Brad Pistotnik Law
Abogado El Toro

How Effective Are Motorcycle Helmets?

How Effective Are Motorcycle Helmets?

How effective are motorcycle helmets at protecting riders? Are motorcycle riders wearing their helmets when they ride around the state? There is plenty of data that shows wearing motorcycle helmets dramatically reduces the risk of Traumatic Brain Injury (TBI) and death in a motorcycle accident. Even so, many riders choose to ride without a helmet. When an accident occurs, these riders usually take their last ride right into the cemetery.

Motorcycle Crashes in Kansas

In 2019, there were 64,682 motor vehicle accidents in Kansas. Of these, 813, or just over 1.3% involved motorcycles. From 2010 to 2019, there were a total of 10,042 motorcycle accidents in the state. These accidents caused 466 fatalities and 8,787 personal injuries. On average, motorcycles are involved in roughly 1.6% of motor vehicle accidents. Since 2016, the number of motorcycle accidents has declined by nearly 20%. Similar trends are emerging in regard to the number of fatalities, but injury rates are starting to rise again.

Motorcycle Helmet Use in Kansas

Since 2010, 11,407 motorcycle riders were involved in collisions. Of these, less than half were wearing helmets. Over the past ten years, an average of 39.9% of riders were wearing a helmet when their accident occurred. Of those wearing helmets in the collision, 149 died, while another 459 who were not wearing helmets died. Of the 8,364 personal injuries recorded, 3,484 people were wearing helmets. In all, 41.7% of these individuals were wearing helmets at the time of their crash.

As they say, it's a no brainer; wearing a helmet significantly reduces a rider's risk of serious injury or death in an accident. The data from KDOT shows that wearing a helmet is a far safer bet than riding free and dying free when an accident occurs on a Kansas road.

Scooter Riders Aren't Getting the Message

In 2019, there were 62 moped/motor scooter accidents. Since 2010, a total of 1,045 accidents were recorded in Kansas. On average, only 20.7% of riders were wearing helmets. This is far lower than those wearing helmets in motorcycle collisions. Further, of the 14 riders who died since 2010, only two were wearing helmets. The same trend appears when it comes to personal injuries. Since 2010, 875 personal injuries were recorded in motor scooter/moped accidents. Of these, only 22.3% were wearing helmets.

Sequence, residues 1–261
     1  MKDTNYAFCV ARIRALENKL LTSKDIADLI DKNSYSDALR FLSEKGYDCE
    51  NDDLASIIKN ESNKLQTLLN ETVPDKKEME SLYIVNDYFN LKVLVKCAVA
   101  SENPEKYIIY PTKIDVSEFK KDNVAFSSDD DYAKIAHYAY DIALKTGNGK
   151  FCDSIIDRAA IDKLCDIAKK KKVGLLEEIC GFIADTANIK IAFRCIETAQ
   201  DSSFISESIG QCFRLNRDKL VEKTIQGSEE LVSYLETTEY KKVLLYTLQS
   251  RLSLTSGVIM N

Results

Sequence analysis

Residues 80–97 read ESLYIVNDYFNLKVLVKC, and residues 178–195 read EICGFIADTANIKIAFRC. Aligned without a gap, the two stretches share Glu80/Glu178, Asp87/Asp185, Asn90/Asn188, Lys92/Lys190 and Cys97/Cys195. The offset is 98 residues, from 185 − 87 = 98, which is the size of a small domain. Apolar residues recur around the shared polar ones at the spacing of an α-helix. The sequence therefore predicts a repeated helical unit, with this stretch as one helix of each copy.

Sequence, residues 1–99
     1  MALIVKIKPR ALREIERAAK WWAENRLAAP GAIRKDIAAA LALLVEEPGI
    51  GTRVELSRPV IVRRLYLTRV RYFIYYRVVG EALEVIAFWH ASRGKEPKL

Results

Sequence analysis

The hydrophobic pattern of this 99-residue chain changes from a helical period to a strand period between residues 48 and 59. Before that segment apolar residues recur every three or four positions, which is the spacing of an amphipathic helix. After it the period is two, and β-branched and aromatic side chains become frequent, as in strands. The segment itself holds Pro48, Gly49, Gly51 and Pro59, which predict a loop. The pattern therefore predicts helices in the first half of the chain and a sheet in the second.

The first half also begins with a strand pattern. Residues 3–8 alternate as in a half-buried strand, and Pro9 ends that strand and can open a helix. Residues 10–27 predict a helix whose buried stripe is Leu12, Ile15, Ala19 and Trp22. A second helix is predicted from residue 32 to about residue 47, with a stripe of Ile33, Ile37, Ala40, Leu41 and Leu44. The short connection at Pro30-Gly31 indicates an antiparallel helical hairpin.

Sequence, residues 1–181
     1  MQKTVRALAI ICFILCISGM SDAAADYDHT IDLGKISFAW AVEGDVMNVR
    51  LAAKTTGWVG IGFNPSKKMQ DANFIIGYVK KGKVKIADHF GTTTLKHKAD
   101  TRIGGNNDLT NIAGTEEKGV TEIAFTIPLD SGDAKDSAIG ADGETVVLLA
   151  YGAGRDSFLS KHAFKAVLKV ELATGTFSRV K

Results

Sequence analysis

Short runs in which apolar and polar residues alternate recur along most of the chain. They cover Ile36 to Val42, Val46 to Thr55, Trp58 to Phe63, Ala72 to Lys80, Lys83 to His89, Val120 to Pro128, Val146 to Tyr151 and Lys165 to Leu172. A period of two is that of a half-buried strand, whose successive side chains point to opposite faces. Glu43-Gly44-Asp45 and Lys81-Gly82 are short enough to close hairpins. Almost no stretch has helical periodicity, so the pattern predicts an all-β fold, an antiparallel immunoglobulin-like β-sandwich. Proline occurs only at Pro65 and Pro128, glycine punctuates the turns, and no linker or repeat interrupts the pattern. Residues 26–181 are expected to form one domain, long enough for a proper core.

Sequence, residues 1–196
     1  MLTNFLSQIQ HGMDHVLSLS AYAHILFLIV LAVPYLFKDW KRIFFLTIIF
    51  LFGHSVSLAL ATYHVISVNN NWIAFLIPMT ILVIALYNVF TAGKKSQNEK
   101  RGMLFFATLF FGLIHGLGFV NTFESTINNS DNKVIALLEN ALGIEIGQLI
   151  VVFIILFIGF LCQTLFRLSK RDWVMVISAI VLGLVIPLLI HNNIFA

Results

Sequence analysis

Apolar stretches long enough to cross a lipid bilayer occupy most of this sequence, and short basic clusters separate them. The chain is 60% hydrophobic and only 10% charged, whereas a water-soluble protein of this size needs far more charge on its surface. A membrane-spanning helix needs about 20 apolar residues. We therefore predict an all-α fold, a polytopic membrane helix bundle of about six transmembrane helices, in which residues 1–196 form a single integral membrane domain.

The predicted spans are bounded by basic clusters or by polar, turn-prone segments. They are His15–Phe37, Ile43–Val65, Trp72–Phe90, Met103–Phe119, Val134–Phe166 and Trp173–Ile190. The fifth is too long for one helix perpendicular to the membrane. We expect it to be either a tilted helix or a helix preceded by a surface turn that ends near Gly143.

Again, the data shows that riding with a helmet, whether it is a motorcycle or motor scooter isn't just advisable; it's a life or death decision.

But...Kansas Helmet Law

Kansas law requires every rider under the age of 18 to wear a motorcycle helmet approved by the National Highway Traffic Safety Administration. The law also requires the use of eye protection or windshields. But, just because the law doesn't require it doesn't mean motorcycle riders shouldn't take their own initiative. In fact, because of Kansas' comparative fault rules, if an accident occurs, the helmetless rider could be found considerably responsible for causing their own injuries.

Contact Brad Pistotnik Law at 1-800-241-BRAD or call us on our local line at 316-684-4400. Brad Pistotnik is a motorcycle accident lawyer in Kansas who represents individuals who suffer personal injuries and wrongful deaths in motorcycle accidents in Kansas, Nebraska, Missouri, and Texas. We can schedule a free consultation to discuss your claim. If you can't come to us, we will come to you. You can call Brad Pistotnik on his cell at 316-706-5020. You can reach Tony Atterbury on his cell at 316-617-9237.